The answer is, you bet. Let me show you some of the ways you can incorporate old papers into your work. As usual, I am going to show most of these methods using my altered book but remember, you can do the same in your art journals, junk journals, collage, or any other mixed media project.
- Full page coverage. Using handwritten documents or letters is one of my favourite go-to ways to start a layout. It is fun and atmospheric and allows your focal points to shine, all at the same time.
- A variation on the full page cover is to mix and match it with the original underpage. I like to rough tear a letter in an irregular way and then glue it to the base so that you can see some layer. [read more]
At last! The return of the French Book Arts Ephemera Boxes. Each parcel is filled with vintage French treasure to inspire your art journals, junk journals, collage, altered books, or other mixed-media work. Each box is curated by hand and is filled with hard-to-find handwritten paper, post cards, cabinet photos, and French brocante, all authentic and little pieces of mysteries and unfinished stories that have been waiting to be found. Here is a video of an unboxing or if you prefer there are photos at the end of this post.
While every box is different, each contains:
- Five yards French linen thread (unwaxed);
- Vintage tin (distressed);
- Three handwritten cartes postales;
- Edition of La Mode Illlustrée, a womans fashion magazine dating from the 1870s to the 1880s. Four pages;
- handwritten legal documents (actes notaires);
- French dictionary pages, 1842, four pages;
- Signatures from various French texts, 1611-1878;
- Three cartes de visites (photographs), circa 1880s;
- Four playing cards (jeu de tarot), 1870;
- Five vintage prayer/holy cards;
- Edition of Bulletin Des Lois (1835 to 1854). Printing is letterpress and they open to 16” x 20”.
- Three large pages of ads from L’Universe (1861) or Femina (1911);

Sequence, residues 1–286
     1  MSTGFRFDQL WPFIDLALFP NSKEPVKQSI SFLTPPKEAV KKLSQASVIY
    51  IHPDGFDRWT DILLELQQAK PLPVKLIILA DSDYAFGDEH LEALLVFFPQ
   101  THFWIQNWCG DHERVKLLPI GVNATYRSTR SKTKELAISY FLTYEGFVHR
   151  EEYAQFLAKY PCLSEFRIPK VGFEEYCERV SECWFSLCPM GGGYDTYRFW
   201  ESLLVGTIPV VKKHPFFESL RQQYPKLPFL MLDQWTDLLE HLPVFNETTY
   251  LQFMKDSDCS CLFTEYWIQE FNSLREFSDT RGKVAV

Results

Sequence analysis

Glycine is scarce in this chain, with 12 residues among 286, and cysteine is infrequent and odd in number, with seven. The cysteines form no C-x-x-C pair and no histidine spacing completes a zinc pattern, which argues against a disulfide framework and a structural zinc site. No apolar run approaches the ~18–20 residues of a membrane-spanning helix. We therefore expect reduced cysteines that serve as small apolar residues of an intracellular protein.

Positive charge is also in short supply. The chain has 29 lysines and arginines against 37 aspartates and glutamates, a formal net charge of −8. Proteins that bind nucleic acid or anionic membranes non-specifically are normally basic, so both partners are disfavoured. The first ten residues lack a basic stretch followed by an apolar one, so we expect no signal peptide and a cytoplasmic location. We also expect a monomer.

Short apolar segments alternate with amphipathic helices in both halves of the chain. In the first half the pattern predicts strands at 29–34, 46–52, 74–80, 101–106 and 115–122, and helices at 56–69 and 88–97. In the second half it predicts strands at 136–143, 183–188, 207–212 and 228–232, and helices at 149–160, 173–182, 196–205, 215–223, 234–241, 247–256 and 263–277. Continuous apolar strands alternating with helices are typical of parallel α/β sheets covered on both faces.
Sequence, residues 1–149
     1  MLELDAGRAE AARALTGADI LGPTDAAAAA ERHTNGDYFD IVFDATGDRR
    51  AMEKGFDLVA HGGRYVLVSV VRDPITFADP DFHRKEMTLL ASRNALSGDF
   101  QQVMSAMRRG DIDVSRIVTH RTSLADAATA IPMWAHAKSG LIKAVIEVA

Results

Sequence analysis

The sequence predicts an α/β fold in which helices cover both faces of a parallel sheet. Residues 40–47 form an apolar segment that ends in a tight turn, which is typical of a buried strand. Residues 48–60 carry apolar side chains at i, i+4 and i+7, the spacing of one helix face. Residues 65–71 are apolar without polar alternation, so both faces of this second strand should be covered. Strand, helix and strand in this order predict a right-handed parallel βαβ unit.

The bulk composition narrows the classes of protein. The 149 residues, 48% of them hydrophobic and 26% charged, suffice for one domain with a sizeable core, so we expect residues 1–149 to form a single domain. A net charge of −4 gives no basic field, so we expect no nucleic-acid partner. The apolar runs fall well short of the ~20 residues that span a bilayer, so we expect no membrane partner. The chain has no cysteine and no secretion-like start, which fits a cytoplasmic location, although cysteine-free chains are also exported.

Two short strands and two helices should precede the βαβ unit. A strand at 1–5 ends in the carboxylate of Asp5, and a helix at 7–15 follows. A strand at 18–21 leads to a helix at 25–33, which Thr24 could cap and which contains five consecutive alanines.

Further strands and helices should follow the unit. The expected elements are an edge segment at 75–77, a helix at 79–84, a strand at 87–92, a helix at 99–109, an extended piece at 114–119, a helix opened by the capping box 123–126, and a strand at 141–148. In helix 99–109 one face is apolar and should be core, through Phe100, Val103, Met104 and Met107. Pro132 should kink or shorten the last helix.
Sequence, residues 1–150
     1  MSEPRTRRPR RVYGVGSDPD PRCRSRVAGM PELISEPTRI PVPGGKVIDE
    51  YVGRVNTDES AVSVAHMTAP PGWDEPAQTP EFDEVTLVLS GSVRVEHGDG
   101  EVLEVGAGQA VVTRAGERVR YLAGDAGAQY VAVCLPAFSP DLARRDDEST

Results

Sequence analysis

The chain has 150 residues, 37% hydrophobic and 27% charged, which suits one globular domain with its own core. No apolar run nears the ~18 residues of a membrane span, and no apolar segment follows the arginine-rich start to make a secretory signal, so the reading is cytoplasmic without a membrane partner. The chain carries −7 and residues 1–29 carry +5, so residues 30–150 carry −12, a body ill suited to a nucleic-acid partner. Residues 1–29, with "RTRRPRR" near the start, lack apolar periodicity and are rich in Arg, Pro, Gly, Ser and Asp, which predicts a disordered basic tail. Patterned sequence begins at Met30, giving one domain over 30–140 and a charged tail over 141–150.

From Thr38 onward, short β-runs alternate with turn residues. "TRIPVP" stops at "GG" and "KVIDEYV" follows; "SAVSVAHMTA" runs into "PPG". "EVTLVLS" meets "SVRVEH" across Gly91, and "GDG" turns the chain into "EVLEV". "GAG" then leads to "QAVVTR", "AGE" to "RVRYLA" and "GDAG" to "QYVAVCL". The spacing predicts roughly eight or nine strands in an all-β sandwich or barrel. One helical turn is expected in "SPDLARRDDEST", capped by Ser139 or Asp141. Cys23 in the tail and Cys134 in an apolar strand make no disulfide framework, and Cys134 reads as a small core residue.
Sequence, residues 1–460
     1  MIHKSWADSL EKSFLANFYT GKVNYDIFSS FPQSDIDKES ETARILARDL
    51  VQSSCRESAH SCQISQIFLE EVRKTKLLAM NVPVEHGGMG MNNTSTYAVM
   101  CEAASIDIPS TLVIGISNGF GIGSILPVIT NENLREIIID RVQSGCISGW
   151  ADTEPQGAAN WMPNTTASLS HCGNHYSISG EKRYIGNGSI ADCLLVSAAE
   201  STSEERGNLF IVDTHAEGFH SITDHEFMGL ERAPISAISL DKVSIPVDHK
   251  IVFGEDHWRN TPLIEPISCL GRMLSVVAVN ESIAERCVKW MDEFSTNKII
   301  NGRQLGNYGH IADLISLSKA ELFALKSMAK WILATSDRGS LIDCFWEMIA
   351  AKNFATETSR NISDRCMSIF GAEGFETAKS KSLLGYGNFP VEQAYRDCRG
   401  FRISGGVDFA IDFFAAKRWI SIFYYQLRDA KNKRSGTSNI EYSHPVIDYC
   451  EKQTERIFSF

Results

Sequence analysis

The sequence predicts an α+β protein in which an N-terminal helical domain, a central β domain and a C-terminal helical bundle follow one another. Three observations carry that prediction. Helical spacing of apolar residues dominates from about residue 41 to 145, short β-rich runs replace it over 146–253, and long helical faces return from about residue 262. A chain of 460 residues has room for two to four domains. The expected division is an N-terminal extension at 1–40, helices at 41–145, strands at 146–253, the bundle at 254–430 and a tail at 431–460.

- Five hand-lacquered mother-of-pearl shells;
- 10ml sample of handmade walnut ink;
- Length of vintage lace;
- 18 inches of sari silk;
- Length of tea-dyed gauze;
- UHU, archival [read more]
Last year I got lucky and found a book called Paxton’s Magazine of Botany from 1838. (Or maybe it found me.) Inside were 48 insanely beautiful, hand-coloured botanical plates of flowers. Repeat – each one of these prints was painted by hand. I am still working out how (or if) I will sell the originals but in the meantime, I am offering them as digital downloads that you can print and use in your own artwork. Each plate is high resolution, 300 dpi.
Note that the originals of these plates are over 180 years old some of these copies will have foxing and other smudging from over the years but if you love old paper as I do, you will consider this part of their patina and part of the story that they are telling. They are also in the public domain so you can use them in your creations safely.
Please go to the bottom of this post to see a video of ways that I use these images in my mixed-media and art journal [read more]
As in other parts of the world, on April 1 French children love to play pranks. Instead of April’s Fools Day it is called Poisson d’Avril. The origins are murky but for whatever reason, there is a tradition of sticking a paper fish to someone’s back and when they finally find out, you shout “C’est le poisson d’Avril !” This post is not to dissect those wacky French fish jokesters but to offer you these vintage postcards from back in the day for you to download. To use, right click and copy then add to your favourite program such as Paint or Word. Print at will and use in your collage, art journal, or mixed media projects. Happy April and Joyeux Avril !
This is a set of vintage, pocket-sized holy books from Britain, The Book of Common Prayer and Hymns Ancient and Modern. Printed by Eyre and Spottiswood. Although there is no date of publication, there is a handwritten inscription on the inside cover dated 1903. The covers are leather. These books come in a leather carrying case that has a rope handle with beads. The case has wear and could use some TLC. One of the books has a loose binding at the front (see photos). This could be mended. Even with the age-related damage, these would make a special gift.
Cost is $20 with $5 shipping in the U.S. If you are buying from other countries, please contact me for exact shipping, or I can ship it for free at the end of February when I [read more]